Economics / Business
An Anticlassical Political- Economic Analysis: A Vision for the Next Century
（Stanford University Press 1996）
This important and influential book questions the venerable concept that social progress is unified and unilateral.
Standing against this “classical” definition, the author proposes many reasons for such “progress.”
In so doing he indicates a new way that social scientists can think about central questions such as development, wealth, power, and international relations.
And he does so from a Japanese perspective that is global as well as local.
By classical analysis Murakami means an analysis of power politics based on the nation-state system honoring the neoclassical assumption that competition and free trade are fundamental bases.
His own analysis takes the form of a concept the author calls “polymorphic liberalism.”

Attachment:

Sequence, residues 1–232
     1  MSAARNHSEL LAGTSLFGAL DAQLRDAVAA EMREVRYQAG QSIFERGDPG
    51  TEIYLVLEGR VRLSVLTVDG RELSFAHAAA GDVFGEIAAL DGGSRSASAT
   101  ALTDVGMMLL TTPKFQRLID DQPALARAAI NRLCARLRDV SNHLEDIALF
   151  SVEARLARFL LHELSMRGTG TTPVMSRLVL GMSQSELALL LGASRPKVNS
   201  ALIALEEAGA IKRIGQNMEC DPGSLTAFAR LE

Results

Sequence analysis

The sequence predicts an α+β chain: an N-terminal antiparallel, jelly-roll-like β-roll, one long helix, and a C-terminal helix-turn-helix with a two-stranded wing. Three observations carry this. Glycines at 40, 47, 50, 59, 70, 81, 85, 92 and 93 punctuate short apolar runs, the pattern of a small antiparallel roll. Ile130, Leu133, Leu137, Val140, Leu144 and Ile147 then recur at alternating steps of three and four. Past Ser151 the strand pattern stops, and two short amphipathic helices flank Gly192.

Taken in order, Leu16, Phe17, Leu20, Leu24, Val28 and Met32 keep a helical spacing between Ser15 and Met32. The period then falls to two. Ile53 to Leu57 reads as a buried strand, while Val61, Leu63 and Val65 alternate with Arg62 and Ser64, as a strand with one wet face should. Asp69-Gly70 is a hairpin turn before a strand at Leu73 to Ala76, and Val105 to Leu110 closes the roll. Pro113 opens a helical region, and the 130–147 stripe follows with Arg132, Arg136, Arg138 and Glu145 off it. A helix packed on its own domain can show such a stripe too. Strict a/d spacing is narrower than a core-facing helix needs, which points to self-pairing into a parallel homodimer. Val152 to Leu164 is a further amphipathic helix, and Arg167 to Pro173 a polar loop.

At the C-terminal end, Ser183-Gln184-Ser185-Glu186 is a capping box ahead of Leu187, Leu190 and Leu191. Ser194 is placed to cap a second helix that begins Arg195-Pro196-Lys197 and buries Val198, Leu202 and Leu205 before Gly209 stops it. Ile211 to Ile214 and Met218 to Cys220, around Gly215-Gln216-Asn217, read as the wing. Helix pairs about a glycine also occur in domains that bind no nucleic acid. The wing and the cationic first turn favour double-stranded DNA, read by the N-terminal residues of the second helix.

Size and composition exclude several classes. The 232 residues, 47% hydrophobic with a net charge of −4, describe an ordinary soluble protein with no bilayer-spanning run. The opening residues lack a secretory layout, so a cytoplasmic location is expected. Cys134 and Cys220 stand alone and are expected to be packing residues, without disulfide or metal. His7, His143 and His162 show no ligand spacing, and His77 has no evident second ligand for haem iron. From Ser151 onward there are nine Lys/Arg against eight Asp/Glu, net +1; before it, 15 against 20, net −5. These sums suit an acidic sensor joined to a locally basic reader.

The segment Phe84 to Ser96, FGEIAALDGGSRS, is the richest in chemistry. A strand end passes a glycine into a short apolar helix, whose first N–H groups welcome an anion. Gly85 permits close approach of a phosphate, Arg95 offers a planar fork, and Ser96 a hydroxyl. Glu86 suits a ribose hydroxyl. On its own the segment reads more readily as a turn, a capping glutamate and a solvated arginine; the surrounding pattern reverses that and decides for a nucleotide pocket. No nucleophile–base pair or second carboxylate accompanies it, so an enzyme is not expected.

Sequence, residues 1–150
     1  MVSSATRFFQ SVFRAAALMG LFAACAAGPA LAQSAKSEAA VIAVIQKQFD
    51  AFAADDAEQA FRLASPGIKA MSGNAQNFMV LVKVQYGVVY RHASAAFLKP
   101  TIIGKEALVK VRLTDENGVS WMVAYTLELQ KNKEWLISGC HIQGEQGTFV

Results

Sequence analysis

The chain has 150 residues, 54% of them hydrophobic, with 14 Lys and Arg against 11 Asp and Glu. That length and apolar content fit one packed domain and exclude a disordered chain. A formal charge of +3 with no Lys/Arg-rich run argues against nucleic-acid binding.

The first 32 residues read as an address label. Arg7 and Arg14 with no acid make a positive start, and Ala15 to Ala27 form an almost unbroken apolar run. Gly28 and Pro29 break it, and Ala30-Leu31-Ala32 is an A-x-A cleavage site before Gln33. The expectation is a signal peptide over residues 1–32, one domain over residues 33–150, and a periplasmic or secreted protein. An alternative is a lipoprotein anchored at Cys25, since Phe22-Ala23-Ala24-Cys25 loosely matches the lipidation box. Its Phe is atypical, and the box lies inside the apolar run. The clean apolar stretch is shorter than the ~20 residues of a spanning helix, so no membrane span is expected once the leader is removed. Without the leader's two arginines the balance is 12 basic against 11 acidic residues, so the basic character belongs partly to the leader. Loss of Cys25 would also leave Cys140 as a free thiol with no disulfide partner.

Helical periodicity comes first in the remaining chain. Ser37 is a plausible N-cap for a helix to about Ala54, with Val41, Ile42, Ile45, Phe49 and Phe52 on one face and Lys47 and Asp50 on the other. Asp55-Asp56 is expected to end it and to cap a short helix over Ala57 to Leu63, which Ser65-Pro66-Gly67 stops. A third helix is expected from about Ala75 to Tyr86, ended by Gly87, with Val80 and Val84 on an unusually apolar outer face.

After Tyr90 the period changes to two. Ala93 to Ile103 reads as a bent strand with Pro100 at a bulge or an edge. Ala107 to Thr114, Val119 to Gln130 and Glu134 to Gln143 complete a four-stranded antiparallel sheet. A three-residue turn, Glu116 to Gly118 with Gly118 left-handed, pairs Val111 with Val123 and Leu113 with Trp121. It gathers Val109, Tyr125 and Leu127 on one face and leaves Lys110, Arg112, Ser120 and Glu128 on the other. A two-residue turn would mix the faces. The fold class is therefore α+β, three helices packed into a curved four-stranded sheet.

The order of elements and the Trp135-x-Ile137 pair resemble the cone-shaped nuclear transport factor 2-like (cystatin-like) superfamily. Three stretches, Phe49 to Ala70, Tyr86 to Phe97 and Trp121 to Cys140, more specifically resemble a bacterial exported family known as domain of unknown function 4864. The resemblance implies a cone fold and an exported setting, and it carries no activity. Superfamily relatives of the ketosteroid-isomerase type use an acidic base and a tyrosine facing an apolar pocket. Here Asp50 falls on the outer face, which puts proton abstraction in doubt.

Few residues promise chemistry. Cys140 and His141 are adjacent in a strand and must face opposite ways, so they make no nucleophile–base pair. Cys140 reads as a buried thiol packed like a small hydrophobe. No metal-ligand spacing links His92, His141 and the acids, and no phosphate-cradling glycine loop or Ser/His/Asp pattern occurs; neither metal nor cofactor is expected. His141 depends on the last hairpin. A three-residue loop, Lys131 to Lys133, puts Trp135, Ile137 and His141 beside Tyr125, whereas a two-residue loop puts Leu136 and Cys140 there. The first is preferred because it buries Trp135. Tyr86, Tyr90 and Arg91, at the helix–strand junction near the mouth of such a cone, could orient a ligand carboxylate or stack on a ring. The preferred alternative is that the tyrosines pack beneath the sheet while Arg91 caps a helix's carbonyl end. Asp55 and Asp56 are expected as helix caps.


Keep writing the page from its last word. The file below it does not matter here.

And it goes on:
This he then applies to three questions.
How can a stable post-cold-war world-order be created?
How can necessary economic performance be achieved while conflict and environmental deterioration are minimized?
How to safeguard the freedom of all peoples?
These cannot be answered by the nation-nation system at present in use which holds that unimpeded competition and free trade are reliable bases for increasing wealth for all.
New paths must be sought and one message of this book is that the model of Japan offers some opportunities.